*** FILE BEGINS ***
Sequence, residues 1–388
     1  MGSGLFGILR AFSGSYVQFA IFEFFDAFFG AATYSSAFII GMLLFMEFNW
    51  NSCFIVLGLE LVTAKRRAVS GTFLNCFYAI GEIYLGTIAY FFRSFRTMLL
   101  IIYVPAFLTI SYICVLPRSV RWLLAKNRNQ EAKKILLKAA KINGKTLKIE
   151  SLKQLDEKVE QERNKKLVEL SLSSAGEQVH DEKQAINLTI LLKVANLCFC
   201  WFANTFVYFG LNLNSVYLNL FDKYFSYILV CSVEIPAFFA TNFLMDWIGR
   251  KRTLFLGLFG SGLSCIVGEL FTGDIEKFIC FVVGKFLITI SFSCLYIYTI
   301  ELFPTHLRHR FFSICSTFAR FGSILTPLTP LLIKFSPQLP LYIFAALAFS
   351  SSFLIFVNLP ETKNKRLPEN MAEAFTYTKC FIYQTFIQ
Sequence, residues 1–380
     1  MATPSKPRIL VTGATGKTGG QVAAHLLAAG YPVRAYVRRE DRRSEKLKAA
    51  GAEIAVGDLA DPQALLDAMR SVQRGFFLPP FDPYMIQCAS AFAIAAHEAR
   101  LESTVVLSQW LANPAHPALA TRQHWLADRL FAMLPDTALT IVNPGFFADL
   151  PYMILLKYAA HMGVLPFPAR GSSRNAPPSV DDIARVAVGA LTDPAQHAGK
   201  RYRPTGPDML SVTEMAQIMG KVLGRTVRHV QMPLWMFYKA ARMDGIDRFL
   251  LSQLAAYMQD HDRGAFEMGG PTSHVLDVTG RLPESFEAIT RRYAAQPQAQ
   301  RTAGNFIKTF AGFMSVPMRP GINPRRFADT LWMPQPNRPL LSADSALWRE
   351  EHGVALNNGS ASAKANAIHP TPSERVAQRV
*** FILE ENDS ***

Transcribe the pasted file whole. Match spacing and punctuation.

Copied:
Sequence, residues 1–388
     1  MGSGLFGILR AFSGSYVQFA IFEFFDAFFG AATYSSAFII GMLLFMEFNW
    51  NSCFIVLGLE LVTAKRRAVS GTFLNCFYAI GEIYLGTIAY FFRSFRTMLL
   101  IIYVPAFLTI SYICVLPRSV RWLLAKNRNQ EAKKILLKAA KINGKTLKIE
   151  SLKQLDEKVE QERNKKLVEL SLSSAGEQVH DEKQAINLTI LLKVANLCFC
   201  WFANTFVYFG LNLNSVYLNL FDKYFSYILV CSVEIPAFFA TNFLMDWIGR
   251  KRTLFLGLFG SGLSCIVGEL FTGDIEKFIC FVVGKFLITI SFSCLYIYTI
   301  ELFPTHLRHR FFSICSTFAR FGSILTPLTP LLIKFSPQLP LYIFAALAFS
   351  SSFLIFVNLP ETKNKRLPEN MAEAFTYTKC FIYQTFIQ
Sequence, residues 1–380
     1  MATPSKPRIL VTGATGKTGG QVAAHLLAAG YPVRAYVRRE DRRSEKLKAA
    51  GAEIAVGDLA DPQALLDAMR SVQRGFFLPP FDPYMIQCAS AFAIAAHEAR
   101  LESTVVLSQW LANPAHPALA TRQHWLADRL FAMLPDTALT IVNPGFFADL
   151  PYMILLKYAA HMGVLPFPAR GSSRNAPPSV DDIARVAVGA LTDPAQHAGK
   201  RYRPTGPDML SVTEMAQIMG KVLGRTVRHV QMPLWMFYKA ARMDGIDRFL
   251  LSQLAAYMQD HDRGAFEMGG PTSHVLDVTG RLPESFEAIT RRYAAQPQAQ
   301  RTAGNFIKTF AGFMSVPMRP GINPRRFADT LWMPQPNRPL LSADSALWRE
   351  EHGVALNNGS ASAKANAIHP TPSERVAQRV